Lpn- central/picc lines - page 2
OK... I knew this would happen and i need advice.. So i just started my new position and I'm in the orientation phase, which is involving IV therapy training. I'm a LPN new grad and was in class... Read More
Nov 21, '11Just wanted to give an update regarding LPNS using central/picc lines. I emailed the board of nursing in ohio and got a reply. "Thecommuter" venous access means peripheral or CENTRAL access, it doesn't mean through a vein only. It is not "way" out of scope of practice for a LPN in this state. This is the response.
The regulations pertaining to LPN IV therapy are located in Section 4723.17, ORC, and Chapter 4723-17, OAC. A LPN who is IV therapy certified, acting under the direction of a RN or physician, may administer any of the approved solutions listed in Section 4723.17(D)(6)(a), ORC, and Rule 4723-17-03(B)(1), OAC, through a central venous line or PICC line. A LPN may inject heparin or normal saline to flush an intermittent infusion device or heparin lock. A LPN is not prohibited from flushing a PICC line that is being used intermittently with heparin or normal saline.
a) 5% dextrose and water; (b) 5 % dextrose and lactated ringers;
(c) 5% dextrose and normal saline;
(d) Normal saline;
(e) Lactated ringers;
(f) 0.45 % sodium chloride and water; or
(g) 0.2 % sodium chloride and water; or
(2) Administer any of the solutions set forth in paragraph (B)(1) of this rule that contain vitamins or electrolytes after a registered nurse initiates the first infusion of the solution containing vitamins or electrolytes.
Nov 22, '11Quote from thecommuteractually, drawing labs off a lines and uacs was in my scope of practice as an lpn. there are a few states that allow lpns to do whatever they have been trained to do and they have few restrictions with the state bon, although the facility can restrict the practice. as far as starting an a line or drawing an abg without a line, the docs always did the former and respiratory did the latter....never an rn except for an advanced practice nurse.(nnps in the nicu were the ones you wanted to put the uac in your kid....vs the resident who might be out of practice).it means access through a vein. plain and simple.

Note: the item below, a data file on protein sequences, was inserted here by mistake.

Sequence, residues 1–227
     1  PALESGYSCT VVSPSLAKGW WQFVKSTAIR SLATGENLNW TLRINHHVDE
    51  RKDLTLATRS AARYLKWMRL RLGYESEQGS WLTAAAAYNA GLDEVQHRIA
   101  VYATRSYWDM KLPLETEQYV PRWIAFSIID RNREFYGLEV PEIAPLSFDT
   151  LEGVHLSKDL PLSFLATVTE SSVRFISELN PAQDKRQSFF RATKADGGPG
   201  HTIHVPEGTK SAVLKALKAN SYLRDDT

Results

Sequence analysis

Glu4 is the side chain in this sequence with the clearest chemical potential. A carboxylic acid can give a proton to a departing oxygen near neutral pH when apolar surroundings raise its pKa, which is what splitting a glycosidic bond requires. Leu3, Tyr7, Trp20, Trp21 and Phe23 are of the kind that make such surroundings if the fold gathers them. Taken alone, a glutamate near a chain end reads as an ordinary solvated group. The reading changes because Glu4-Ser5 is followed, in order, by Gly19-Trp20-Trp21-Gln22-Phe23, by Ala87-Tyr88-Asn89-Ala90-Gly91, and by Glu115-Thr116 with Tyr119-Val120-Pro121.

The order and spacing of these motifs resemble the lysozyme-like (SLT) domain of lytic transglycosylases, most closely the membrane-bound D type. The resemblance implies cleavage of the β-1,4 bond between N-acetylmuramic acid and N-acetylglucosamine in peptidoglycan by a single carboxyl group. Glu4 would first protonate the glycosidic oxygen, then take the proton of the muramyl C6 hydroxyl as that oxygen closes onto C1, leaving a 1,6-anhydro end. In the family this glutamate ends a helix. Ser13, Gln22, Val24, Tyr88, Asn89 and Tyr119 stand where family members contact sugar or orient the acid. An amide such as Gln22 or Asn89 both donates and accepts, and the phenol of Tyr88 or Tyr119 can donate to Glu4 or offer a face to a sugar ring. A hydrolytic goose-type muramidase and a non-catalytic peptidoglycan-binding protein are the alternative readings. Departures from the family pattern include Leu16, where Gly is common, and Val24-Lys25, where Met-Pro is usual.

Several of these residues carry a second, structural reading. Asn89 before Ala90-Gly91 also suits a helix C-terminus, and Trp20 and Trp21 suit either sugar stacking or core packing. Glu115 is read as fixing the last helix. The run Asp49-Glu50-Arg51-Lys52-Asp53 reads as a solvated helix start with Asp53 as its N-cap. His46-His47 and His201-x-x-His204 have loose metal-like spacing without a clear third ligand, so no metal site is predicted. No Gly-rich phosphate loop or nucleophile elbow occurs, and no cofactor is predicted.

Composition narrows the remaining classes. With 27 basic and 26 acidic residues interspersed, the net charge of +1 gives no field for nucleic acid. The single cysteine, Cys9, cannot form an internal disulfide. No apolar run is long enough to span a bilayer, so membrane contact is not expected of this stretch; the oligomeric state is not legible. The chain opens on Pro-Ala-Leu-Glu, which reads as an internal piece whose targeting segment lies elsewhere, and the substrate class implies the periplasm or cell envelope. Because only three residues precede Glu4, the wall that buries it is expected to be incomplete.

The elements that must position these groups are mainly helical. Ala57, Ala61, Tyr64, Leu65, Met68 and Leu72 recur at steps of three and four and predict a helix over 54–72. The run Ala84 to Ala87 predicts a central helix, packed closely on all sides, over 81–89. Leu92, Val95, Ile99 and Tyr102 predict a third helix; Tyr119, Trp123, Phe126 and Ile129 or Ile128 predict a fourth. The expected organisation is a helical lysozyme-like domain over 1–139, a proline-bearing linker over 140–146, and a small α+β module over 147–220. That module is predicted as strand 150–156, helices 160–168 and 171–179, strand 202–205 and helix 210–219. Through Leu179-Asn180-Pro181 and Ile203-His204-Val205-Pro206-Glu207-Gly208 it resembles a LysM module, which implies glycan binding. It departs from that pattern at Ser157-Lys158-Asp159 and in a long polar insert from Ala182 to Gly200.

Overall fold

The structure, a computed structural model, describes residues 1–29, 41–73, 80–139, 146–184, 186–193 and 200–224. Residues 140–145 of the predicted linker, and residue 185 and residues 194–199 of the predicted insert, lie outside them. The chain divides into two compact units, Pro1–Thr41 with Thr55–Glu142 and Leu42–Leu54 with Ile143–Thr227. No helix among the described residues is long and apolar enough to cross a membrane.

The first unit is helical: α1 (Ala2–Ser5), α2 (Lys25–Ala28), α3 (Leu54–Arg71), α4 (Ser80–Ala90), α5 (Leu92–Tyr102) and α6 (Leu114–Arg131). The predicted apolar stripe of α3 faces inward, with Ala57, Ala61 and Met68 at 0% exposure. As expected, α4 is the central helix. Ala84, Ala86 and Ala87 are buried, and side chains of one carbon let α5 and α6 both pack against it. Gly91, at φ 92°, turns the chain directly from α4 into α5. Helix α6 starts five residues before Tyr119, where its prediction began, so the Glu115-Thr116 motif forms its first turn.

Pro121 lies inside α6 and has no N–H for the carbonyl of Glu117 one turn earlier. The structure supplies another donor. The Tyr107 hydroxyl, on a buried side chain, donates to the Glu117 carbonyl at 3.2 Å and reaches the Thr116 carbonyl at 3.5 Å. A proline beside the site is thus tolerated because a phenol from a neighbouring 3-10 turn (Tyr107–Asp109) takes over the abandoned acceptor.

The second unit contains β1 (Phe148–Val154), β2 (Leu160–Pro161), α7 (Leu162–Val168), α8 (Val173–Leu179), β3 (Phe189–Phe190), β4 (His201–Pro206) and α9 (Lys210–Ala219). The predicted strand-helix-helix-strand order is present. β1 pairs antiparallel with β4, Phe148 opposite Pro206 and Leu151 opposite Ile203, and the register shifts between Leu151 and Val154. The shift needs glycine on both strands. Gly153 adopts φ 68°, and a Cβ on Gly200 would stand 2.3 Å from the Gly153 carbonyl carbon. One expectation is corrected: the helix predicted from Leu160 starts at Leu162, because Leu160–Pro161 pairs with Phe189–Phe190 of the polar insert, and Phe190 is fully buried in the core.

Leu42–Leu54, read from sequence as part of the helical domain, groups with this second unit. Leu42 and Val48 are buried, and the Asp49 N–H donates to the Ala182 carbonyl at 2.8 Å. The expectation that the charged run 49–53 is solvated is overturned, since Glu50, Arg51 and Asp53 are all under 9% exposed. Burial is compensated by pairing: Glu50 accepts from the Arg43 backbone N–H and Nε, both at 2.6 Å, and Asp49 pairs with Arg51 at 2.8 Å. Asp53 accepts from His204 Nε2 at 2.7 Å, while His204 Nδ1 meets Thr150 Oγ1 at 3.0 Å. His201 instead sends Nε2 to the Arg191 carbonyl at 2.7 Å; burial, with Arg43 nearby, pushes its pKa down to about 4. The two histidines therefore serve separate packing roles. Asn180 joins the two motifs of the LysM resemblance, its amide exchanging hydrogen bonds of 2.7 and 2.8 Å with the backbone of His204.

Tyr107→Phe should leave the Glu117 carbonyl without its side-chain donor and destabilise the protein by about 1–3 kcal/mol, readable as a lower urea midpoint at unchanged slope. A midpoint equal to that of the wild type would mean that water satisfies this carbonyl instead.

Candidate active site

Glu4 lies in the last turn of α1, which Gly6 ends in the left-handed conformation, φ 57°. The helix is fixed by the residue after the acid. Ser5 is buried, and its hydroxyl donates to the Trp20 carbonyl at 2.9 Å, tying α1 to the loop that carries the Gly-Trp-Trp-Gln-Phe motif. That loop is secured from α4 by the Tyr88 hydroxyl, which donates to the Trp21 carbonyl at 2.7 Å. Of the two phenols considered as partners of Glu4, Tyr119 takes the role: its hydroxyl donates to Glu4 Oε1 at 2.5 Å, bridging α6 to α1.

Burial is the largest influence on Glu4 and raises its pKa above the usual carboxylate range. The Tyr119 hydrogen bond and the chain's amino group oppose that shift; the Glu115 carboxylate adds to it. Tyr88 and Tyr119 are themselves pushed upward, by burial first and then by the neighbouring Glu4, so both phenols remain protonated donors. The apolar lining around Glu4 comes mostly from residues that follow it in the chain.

some rns are specially trained to access arteries (radial artery, brachial artery, femoral artery, ulnar artery, etc.) for arterial blood gas draws, catheterizations, and so forth. this is arterial access, not venous access.
arterial access is way out of the lpn's scope of practice. venous access is within the lpn's scope of practice in most states.
best to you,
Nov 23, '11Quote from rico84i was an lvn/lpn for four years (2006 to 2010) and accessed many piccs and central lines. these lines are located in veins, so they fall under the realm of venous access. picc lines and central lines are forms of venous access, not arterial access.just wanted to give an update regarding lpns using central/picc lines. i emailed the board of nursing in ohio and got a reply. "thecommuter" venous access means peripheral or central access, it doesn't mean through a vein only. it is not "way" out of scope of practice for a lpn in this state.
central line: a catheter (tube) that is passed through a vein to end up in the thoracic (chest) portion of the vena cavaa picc is inserted in a peripheral vein, such as the cephalic vein, basilic vein, or brachial vein and then advanced through increasingly larger veins, toward the heart until the tip rests in the distal superior vena cava or cavoatrial junction.